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The author gives a personal view of wildlife and development in Africa based on 30 years of experience as well as academic study. Unless there are sustainable African solutions, the politics of despair will lead to catastrophe. Please note a minor error in the Abstract & Executive Summary should be 20th instead of 21st Century. This is an historic overview of conservation in Sub-Saharan Africa from pre-colonial times through the present. It demonstrates that Africans practiced conservation that was ignored by the colonial powers. The colonial market economy combined with the human and livestock population explosion of the 20 st century are the major factors contributing to the demise of wildlife and critical habitat. Unique insight is provided into the economics of a representative safari company, something that has not been readily available to Community Based Natural Resources Management (CBNRM) practitioners. Modern attempts at sharing benefits from conservation with rural communities will fail due to the low rural resource to population ratio regardless of the model, combined with the uneven distribution of profits from safari hunting that drives most CBNRM programs, unless these ratios are changed. Low household incomes from CBNRM are unlikely to change attitudes of rural dwellers towards Western approaches to conservation. Communities must sustainably manage their natural areas as "green factories" for the multitude of natural resources they contain as a means of maximizing employment and thus household incomes, as well as meeting the often overlooked socio-cultural ties to wildlife and other natural resources, which may be as important as direct material benefits in assuring conservation of wildlife and its habitat. For CBNRM to be successful in the long-term, full devolution of ownership over land and natural resources must take place. In addition, as a means of relieving pressure on the rural resource base, this will require an urbanization process that creates a middleclass, as opposed to the current slums that form the majority of Africa‘s cities, through industrialization that transforms the unique natural resources of the subcontinent (e.g., strategic minerals, petroleum, wildlife, hardwoods, fisheries, wild medicines, agricultural products, etc.) in Africa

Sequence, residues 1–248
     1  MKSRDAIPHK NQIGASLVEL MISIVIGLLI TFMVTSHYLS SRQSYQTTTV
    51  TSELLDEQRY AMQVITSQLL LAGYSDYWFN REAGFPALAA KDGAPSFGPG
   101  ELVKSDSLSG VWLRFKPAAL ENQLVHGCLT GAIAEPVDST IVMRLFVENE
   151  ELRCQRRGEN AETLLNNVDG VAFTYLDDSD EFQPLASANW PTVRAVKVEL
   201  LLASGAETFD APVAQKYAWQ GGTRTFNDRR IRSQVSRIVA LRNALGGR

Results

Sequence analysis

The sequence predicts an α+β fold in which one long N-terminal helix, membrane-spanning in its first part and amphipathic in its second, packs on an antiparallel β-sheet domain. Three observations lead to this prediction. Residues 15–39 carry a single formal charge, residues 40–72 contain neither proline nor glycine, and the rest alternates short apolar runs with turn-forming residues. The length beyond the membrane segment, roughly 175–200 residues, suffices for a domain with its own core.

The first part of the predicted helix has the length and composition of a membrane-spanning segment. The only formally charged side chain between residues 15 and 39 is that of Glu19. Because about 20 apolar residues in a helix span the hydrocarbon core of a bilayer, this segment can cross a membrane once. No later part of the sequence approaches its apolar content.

... In South Africa, DeGeorges and Reilly (2008) report that colonial rules excluded Africans from hunting because their methods were deemed 'un-sporting'. They introduced the Game Law Amendment of 1891, based on British Laws which banned Africans in South Africa, Malawi, Zambia, and Zimbabwe from their traditional hunting practices (DeGeorges and Reilly 2008;Murombedzi 2003). Such thinking disrupted local resource-use practices and notions of negotiated access to natural resources (Maddox et al. 1996), of communal property relations and customary land resources in African societies (Noe 2019). ...
Article
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Given growing human influence on the earth system’s functioning, caring for nature has never been this critical. However, whether for economic interests or ‘wilderness’ preservation, attempts to save nature have been grounded on a Western scientific philosophy of separating it from people’s ways of living, especially through ‘protected areas’. Under the banner ‘convivial conservation’, which advocates socio-ecological justice and structural transformations in the global economic system, an alternative idea called ‘promoted areas’ has been proposed, advocating for conservation which promotes nature for, to, and by humans. Here, we argue that ‘promoted areas’ are best fitted with decolonial thinking in conservation science and practice. In southern Africa, one available ‘decolonial option’ is Ubuntu philosophy, which is anchored on the ethical principle of promoting life through mutual caring and sharing between and among humans and nonhumans. Ubuntu disengages from western ways of knowing about human–environment interactions, as it is predicated on promoting the many links between humans and nonhumans. From this, we argue that instituted through Ubuntu, ‘promoted areas’ re-initiate a harmony between human beings and physical nature, as practices of individualistic, excessive extractions of nonhuman nature are discouraged, and human–nonhuman relationships based on respect, solidarity, and collaboration are celebrated.
... The TEK of Africans assists residents in shunning negative behavioural patterns that could have negative ramifications for the resources in the environment (Essel, 2020). Their viability in preventing the wanton abuse of the natural resources is because they are incorporated in the cosmo-vision or beliefs of the people ((DeGeorges & Reilly, 2008). The intelligent forebears developed them from personal experience and critical observations of nature via systematic procedures by analyzing, and series of experimentations (Ajani et al., 2013;Rigsby, 2006). ...